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Linewidth Measurements by Reflected Light

IP.com Disclosure Number: IPCOM000036780D
Original Publication Date: 1989-Oct-01
Included in the Prior Art Database: 2005-Jan-29
Document File: 2 page(s) / 45K

Publishing Venue

IBM

Related People

Chappelow, RE: AUTHOR [+2]

Abstract

A dimensional measurement technique is shown for measuring semiconductor line widths in the one-micron size range, and in some cases in the 500 nm size range, employing some unique properties of reflected light.

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Linewidth Measurements by Reflected Light

A dimensional measurement technique is shown for measuring semiconductor line widths in the one-micron size range, and in some cases in the 500 nm size range, employing some unique properties of reflected light.

Given two materials with different reflectivities, the average reflectivity is a function of the relative percentage of each material from which the signal is derived. Referring to Fig. 1, consider a repetitive pattern of lines and spaces with a period of f. Let a line width = Wl, and a space width = f - Wl. Let the material comprising the lines have a reflectivity of R2 and that of the substrate R1. Then, if the average target reflectivity as a function of Wl is plotted, the ideal reflectivity curve shown in Fig. 2 will result. By using the ideal curve of Fig. 2 and assuming the structure of Fig. 1, theoretically the line width Wl can be determined by measuring the average target reflectivity. In practice, because most lines possess non-vertical edges, complications are introduced. The ideal curve of Fig. 2 becomes the real curve of Fig. 2, and it is not possible to identify Wl given Rl in most cases.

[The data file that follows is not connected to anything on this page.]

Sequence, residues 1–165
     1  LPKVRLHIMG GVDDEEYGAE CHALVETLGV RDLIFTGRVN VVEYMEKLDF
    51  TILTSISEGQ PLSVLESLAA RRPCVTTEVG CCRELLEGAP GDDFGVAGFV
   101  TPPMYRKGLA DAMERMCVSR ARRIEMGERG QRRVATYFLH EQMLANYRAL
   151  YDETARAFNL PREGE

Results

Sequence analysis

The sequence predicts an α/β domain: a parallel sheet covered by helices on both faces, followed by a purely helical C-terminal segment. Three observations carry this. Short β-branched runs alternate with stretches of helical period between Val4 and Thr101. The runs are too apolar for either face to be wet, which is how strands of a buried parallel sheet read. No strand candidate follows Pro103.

If the complementary case (Fig. 3) is considered, similar results to the ones cited above are seen except for the obvious reversal of the R(Wl) function. In particular, for constant edge slopes, the real curve deviates from the ideal curve equally in both cases.

When these cases are combined, the combined R(W) curve...